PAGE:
Telling on myself again - SailNet Community
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post #1 of 19 Old 04-12-2007 Thread Starter
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Telling on myself again

The last time I posted here was to poke fun at myself for falling out of a canoe.

This time is to tell you I got myself trapped in my boat. I had opened my port lazerette to do some work underneath. I had myself laid down and spread out down there, wiggling from here to there. There was a gust of wind that blew the lazerette shut, slamming it hard and leaving me in the dark. I thought "That was a little startling". I wiggled back to underneath the lazerette and tried to push it open, only to find it had latched when it slammed shut. There was no one anywhere near to hear me call for help and I was looking at the possibility of sitting down there for hours until someone missed me and came looking.

Luckily, my cell phone was in my pocket so I called my wife (who was already mad at me) to beg her to come rescue me. 40 minutes later I had been freed. Fortunately, I could reach my wine in the cabin through a little 4"x6" sliding hatch.
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post #2 of 19 Old 04-12-2007
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I come close, after crawling into the sail locker to clean and retrieve the object that I had dropped last year and could not reach. I found that a person of my stature needs a skinny young person to do those sorts of jobs. I finely escaped after twenty or so minutes, but not without many scrapes cuts and burses
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post #3 of 19 Old 04-12-2007
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mwrohde,
Funny story. I'd love to have seen the expression on your wife's face as she opened the lazerette's lid, only to find you in a contorted pose, clutching a bottle of wine.

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sold the Nauticat
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post #4 of 19 Old 04-12-2007
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It's funny when it happens, but getting locked in a lazarette could mean trouble. Imagine if you didn't have a cell phone and no one knew where you were.... A surveyor once told me to always tie lockers open with a piece of shock cord or line if you are working inside them. Good advice I think.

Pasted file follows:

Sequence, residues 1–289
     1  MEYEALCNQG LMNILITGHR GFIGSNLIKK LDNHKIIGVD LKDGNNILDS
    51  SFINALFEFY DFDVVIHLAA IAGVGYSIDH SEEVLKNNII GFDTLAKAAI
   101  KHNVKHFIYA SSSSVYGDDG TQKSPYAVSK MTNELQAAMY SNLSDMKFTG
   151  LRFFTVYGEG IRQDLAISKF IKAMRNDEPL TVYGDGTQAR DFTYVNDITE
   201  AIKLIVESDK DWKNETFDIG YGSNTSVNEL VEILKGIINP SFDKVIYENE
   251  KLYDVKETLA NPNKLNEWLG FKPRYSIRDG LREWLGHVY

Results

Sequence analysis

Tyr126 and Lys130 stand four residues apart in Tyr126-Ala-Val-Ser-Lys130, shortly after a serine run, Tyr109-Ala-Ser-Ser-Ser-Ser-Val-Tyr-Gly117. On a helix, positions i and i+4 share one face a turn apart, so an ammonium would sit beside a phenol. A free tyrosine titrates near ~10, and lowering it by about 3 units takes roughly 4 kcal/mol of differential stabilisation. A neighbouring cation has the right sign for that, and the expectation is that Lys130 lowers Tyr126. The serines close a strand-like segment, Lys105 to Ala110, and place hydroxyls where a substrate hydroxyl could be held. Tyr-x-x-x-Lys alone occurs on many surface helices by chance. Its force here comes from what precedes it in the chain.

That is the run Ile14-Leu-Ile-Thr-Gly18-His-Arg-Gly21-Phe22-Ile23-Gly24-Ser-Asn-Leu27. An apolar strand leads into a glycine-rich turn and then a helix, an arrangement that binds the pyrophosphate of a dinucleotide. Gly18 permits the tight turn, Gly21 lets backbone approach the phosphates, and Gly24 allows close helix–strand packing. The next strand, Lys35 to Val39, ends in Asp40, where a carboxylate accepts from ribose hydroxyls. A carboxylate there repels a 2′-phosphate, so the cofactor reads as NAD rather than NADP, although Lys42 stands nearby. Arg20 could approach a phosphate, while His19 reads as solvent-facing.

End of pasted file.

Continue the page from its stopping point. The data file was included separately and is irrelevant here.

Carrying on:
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post #5 of 19 Old 04-12-2007 Thread Starter
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Quote:
Originally Posted by Jotun
. . . tie lockers open with a piece of shock cord or line if you are working inside them. Good advice I think.
Excellent advice, I'd say.

I usually don't have my cell when I'm on the boat. Normally, I take everything out of my pockets and put them in a hanging bag. If I had followed normal protocol this time I'd have been locked down there for several hours before she'd have started calling me telling me to come home. It would have been several more before she'd have come looking for me.
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post #6 of 19 Old 04-12-2007
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That's why the hasps are supposed to be on the bottom, so that they can't close accidentally. They have to be flipped up to close... if they're installed the other way... they're bloody dangerous.

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post #7 of 19 Old 04-12-2007
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Indeed... some years ago a slip neighbour with a Bene 37.5 was getting into the cockpit locker - the hatch was a monster that encompassed the cockpit seat AND the bulk of the coaming. A gust of wind caught it and slammed it on his head - causing a severe scalp laceration and the copious bleeding that results.

Fortunately there were others around, he was not knocked unconcious, but it could have been much worse.

Rest assured he (and I) now routinely tie off or bungy such hatches open!
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post #8 of 19 Old 04-12-2007
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I'm just imagining the original post. Absolutely HILARIOUS
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post #9 of 19 Old 04-12-2007
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HAAHEEEE. Very funny. You should have used the Force to get back out. I tried it once... to little avail. However, my mind was focused on holding other parts of my body together!!

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post #10 of 19 Old 04-12-2007
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A few years ago there was a story in one of the sailing mags about a guy who was racing, solo, somewhere on the great lakes on a tartan 37. He went down below, through one of the seat hatches, to rotate the prop shaft so the twin blade would be tucked behind the keel. While he was below the boat rolled causing the hatch to close and lock. He panicked and started punching the bottom of the seat breaking his hand. Finally he remembered a trick he and his wife used to open the window of their summer home when they forgot the key. He gently rapped the bottom of the seat while hitting the front at the same time, eventually this shook the latch loose and he climbed out.
When he came out all of the other sailboats in the race had disappeared. He kept on trucking, found the landmark that represented the w/w mark, rounded and eventually finished the race only to find out that he'd won. While he was locked below the other boats had rounded the wrong mark and followed each other like Lemmings. Had he been on deck he speculated that he would have followed the others.
(I forgot to state the obvious, he had the auto pilot on)

Last edited by Sabre66; 04-12-2007 at 11:33 PM.
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